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Women of my Childhood

By , Clarkston, MI
Juice Mommy. One sec, hun.
One second wasn’t fast enough,
I wanted my juice now.

Jugo Nina. ¡Ay Pobrecito!
That meant she was getting my juice.
Now. But my mommy never said this.
Just Nina.

She called us Familia.
We called her “Family Friend.”
Nina would splash my face with agua.
Mommy would wash me with water.
I preferred the agua.

Nina’s hands spent countless hours
Knitting a blanket to comfort me at night,
Yarn flowing from her fingertips, her needles
Clicking rhythmically.
Her blankets boasted an array of colors,
Blended like the colors of an Autumn sunset.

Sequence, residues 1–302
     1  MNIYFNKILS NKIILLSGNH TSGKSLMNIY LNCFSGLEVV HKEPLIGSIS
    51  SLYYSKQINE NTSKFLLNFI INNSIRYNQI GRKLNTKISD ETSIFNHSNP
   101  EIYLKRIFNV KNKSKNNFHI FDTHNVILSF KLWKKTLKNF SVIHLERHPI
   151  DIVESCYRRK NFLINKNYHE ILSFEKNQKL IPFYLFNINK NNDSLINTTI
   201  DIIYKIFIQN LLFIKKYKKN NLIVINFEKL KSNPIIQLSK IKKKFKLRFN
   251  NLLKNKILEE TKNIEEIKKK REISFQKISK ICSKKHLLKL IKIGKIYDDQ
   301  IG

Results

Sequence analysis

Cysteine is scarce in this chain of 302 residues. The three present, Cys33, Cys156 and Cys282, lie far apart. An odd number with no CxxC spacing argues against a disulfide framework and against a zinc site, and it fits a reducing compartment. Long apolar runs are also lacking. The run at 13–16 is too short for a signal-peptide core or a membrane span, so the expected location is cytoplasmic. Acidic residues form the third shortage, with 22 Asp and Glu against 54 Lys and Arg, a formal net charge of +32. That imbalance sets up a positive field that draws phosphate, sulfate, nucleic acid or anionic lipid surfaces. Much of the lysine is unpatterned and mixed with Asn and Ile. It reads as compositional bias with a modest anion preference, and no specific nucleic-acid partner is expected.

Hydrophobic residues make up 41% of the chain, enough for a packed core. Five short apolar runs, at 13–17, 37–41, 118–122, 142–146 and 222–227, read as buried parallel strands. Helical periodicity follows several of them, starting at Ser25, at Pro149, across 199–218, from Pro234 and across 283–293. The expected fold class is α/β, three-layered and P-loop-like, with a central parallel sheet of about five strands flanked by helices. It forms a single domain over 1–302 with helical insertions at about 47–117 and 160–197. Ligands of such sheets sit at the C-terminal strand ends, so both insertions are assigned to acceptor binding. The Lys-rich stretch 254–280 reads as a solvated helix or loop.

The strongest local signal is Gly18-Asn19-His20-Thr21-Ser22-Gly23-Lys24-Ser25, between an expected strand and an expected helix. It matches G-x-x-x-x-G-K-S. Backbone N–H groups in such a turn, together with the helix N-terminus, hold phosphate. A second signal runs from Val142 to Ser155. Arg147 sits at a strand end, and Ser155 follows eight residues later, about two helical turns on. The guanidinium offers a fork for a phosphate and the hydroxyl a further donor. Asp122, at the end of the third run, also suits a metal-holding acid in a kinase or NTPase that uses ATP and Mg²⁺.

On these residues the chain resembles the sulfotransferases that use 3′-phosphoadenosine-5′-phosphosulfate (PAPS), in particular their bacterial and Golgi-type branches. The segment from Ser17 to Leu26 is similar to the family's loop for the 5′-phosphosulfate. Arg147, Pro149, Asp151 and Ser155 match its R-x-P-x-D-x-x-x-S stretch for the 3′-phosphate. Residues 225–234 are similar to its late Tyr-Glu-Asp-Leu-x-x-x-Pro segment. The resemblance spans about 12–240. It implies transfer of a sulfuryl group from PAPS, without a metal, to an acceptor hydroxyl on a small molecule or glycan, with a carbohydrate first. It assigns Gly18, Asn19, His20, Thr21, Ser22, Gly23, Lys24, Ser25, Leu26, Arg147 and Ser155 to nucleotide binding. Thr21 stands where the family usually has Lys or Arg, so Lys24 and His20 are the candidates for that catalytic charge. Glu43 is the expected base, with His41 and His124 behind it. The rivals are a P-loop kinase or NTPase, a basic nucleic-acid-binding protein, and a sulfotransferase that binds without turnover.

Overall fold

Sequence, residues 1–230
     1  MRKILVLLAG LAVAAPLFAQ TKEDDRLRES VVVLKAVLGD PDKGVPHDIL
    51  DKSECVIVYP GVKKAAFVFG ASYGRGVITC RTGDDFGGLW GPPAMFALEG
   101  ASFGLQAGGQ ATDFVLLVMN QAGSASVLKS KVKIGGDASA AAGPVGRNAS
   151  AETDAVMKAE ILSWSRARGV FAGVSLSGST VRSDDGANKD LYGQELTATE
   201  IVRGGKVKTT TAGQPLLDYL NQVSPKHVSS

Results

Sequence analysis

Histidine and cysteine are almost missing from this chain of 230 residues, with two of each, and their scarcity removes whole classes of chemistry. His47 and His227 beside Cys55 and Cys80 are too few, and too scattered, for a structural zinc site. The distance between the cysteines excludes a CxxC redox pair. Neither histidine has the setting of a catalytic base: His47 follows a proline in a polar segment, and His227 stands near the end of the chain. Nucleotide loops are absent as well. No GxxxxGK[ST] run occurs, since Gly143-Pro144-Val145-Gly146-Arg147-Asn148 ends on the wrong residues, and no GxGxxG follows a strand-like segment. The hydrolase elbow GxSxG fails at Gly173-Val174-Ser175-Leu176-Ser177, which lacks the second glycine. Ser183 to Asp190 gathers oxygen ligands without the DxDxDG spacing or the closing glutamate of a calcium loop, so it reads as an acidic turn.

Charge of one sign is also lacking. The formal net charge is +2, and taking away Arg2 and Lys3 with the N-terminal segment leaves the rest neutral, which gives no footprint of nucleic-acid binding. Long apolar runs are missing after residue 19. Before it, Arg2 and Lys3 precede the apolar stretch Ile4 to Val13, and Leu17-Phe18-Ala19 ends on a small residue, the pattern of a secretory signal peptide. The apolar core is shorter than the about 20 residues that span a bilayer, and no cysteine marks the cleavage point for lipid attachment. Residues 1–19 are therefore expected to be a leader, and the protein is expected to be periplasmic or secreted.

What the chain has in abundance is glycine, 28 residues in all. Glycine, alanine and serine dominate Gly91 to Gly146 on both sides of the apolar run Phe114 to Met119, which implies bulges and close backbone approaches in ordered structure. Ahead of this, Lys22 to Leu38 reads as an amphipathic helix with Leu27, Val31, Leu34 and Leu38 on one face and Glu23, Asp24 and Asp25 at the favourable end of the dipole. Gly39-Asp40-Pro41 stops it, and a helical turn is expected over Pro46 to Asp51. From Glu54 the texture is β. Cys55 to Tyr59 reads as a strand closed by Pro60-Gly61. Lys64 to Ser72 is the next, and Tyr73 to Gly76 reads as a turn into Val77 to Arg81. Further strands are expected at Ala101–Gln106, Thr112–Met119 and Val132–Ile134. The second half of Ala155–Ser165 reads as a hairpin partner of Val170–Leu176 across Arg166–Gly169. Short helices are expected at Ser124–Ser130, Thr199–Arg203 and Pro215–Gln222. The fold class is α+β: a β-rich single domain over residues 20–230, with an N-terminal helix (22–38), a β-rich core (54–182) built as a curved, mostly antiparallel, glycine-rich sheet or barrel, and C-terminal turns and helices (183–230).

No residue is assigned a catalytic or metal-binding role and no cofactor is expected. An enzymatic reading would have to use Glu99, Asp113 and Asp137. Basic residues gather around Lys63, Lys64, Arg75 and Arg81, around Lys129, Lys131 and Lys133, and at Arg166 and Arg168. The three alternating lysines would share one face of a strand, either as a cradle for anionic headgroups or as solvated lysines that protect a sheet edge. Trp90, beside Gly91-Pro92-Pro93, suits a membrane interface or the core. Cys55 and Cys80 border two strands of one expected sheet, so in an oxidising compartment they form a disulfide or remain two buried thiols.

My mommy’s hands ran across
her grey sewing machine.
Feeding thread into the machine.
Her blankets consisted of simple squares,
And solid colors. The colors clashed.
There was the occasional snag
Where mommy became careless.
Mommy’s blankets kept the wall warm.


Mommy was always busy.
But Nina’s lap was always open
For me to rest my head on.





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